Science: Serious and Pseudo
By Hal Clement

(Reproduced with permission from
Adapt Volume One/Number1)

I have not yet quite reached the Biblical three score and ten years, but I have fairly good memories going back over three score. I can reasonably be regarded by most of the readers of this article as what I prefer to think of as mature (not a good way to start off something intended to deal, at least partly, with objectivity, I suppose). I am well past the age at which verbal taunts about my physical prowess would bother me, and can by now force myself to consider the source when hearing snide remarks about my intelligence or even my imagination. I am still a little bothered, however, when charged with narrow mindedness.

This is neither a complaint nor a confession, simply a report, you understand. I am not trying to psychoanalyze myself. I am bothered by that charge because of the obvious, objective fact that I may sometimes actually be narrow minded without realizing it, like practically anyone else; and I don't like that condition. It irritates me when I encounter it in others, and I assume that it would irritate those others at least as much to observe it in me; and quite aside from the fact that I enjoy being liked by people, I really hate the thought that my own state of mind might be keeping me from learning something which could be interesting, useful, fun, or a source for a science fiction story.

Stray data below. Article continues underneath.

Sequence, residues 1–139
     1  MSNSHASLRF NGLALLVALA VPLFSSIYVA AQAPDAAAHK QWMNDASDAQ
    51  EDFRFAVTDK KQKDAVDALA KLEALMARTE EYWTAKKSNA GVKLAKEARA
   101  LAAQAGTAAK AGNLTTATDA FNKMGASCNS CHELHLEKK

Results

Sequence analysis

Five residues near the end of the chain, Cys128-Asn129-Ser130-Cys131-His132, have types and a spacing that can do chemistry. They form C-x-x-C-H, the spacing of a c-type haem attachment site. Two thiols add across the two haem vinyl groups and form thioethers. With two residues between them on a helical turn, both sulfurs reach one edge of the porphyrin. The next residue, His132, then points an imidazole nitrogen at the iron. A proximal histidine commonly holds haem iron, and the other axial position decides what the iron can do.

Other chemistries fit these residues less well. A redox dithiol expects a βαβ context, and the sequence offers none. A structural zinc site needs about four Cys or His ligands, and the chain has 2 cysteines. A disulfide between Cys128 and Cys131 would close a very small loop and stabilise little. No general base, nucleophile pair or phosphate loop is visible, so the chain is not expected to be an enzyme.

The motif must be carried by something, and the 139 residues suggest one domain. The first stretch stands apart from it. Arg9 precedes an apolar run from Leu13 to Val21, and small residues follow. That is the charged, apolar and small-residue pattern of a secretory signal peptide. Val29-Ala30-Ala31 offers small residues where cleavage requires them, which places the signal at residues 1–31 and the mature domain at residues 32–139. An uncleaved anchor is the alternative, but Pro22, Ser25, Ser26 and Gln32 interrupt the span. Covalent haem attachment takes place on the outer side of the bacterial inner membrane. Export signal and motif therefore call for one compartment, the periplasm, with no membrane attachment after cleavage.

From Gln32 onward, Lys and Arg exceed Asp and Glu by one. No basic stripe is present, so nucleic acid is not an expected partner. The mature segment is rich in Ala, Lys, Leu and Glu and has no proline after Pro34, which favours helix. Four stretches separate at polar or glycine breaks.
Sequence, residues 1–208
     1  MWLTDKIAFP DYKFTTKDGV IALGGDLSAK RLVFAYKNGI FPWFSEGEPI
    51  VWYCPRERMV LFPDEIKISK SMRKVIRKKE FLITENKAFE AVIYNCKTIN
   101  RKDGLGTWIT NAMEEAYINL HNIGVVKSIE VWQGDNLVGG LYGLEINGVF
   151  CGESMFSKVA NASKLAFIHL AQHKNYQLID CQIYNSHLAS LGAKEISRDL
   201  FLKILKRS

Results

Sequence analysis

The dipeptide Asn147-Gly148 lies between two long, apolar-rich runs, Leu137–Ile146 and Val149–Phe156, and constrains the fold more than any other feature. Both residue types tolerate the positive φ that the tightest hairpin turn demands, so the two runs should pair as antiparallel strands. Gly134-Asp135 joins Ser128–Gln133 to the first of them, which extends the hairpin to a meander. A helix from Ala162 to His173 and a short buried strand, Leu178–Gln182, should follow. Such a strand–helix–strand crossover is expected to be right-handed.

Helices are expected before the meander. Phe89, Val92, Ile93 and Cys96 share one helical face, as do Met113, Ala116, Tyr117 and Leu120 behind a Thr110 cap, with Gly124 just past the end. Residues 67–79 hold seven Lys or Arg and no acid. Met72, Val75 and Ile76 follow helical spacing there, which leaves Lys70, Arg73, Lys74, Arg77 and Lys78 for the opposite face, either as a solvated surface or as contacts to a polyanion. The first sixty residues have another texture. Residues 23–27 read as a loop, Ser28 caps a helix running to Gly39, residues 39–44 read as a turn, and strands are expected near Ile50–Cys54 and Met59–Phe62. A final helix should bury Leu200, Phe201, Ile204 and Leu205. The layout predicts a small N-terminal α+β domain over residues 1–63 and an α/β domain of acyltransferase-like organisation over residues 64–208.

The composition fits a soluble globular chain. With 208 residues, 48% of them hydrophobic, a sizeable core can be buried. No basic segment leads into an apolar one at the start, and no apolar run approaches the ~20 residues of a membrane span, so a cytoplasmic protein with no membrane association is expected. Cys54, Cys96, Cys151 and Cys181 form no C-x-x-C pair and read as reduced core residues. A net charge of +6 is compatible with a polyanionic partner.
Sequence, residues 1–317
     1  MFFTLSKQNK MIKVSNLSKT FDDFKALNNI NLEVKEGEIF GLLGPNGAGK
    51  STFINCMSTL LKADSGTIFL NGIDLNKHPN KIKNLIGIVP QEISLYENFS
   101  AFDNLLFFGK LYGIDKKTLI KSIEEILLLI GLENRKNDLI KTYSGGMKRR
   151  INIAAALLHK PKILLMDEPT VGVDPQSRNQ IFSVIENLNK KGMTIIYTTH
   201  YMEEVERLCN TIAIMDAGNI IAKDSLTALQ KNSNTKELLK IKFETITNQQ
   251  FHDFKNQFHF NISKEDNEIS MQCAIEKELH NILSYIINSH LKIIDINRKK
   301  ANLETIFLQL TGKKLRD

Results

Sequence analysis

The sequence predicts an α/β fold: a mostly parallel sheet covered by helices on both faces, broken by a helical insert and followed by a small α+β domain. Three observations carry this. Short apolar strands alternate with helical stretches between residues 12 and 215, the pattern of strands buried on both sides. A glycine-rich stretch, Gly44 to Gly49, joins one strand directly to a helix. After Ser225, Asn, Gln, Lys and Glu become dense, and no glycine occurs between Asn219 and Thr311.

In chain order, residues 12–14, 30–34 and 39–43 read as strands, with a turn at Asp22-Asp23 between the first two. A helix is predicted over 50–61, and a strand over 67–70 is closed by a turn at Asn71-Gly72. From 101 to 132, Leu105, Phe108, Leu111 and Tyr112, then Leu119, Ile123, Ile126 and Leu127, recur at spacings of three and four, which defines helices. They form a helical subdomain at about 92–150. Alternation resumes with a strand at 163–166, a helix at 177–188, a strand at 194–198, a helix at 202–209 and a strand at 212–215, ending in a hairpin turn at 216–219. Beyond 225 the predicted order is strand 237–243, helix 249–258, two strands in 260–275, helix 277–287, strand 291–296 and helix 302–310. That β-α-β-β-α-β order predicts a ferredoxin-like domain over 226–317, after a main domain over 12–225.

On the other hand, some ideas and statements are beyond much doubt arrant nonsense. Failing to recognize them as such could be serious for me, and my failure to express my opinion on the matter could be equally serious for other people, if only because a rather large number of folks have developed the unfortunate tendency to accept my word with a less than fully adult critical attitude. I try to forestall this with my science students by making a reasonable number of mistakes in class (though I endeavor not to look like a real idiot), but it's sometimes harder with science-fiction fans. Clearly, the central problem is to decide when a new idea should and when it should not be taken seriously.

In 1950, a colleague in chemistry teaching told me about Immanuel Velikovsy's recently published "Worlds in Collision." His description was not very complete, but it made I. V.'s thesis sound pretty silly (even though the colleague himself, lacking astronomical grounding, was rather impressed by it). This was obviously a premature conclusion, since I hadn't read the book itself (I don't think he had either, or he would have spotted the chemistry faults); if I had gone around denouncing it unequivocally at that point I would have been unfair at best. The fact that a later reading of the work did nothing to alter that original opinion--it still seems very silly--is irrelevant; at the time, I couldn't be sure.

The implication would seem to be that one should check out the new idea before pronouncing on it. Obviously; but a more realistic question is, how detailed a checkout should one give? And should one always do it one's self? We all have our own work to do, and there is an appalling amount of damn nonsense being published.

For the professional scientist, doing real research, there is plenty of excuse for following the judgement of someone else he or she has reason to trust. One may be wrong, but of course that may happen even after doing one's own checking.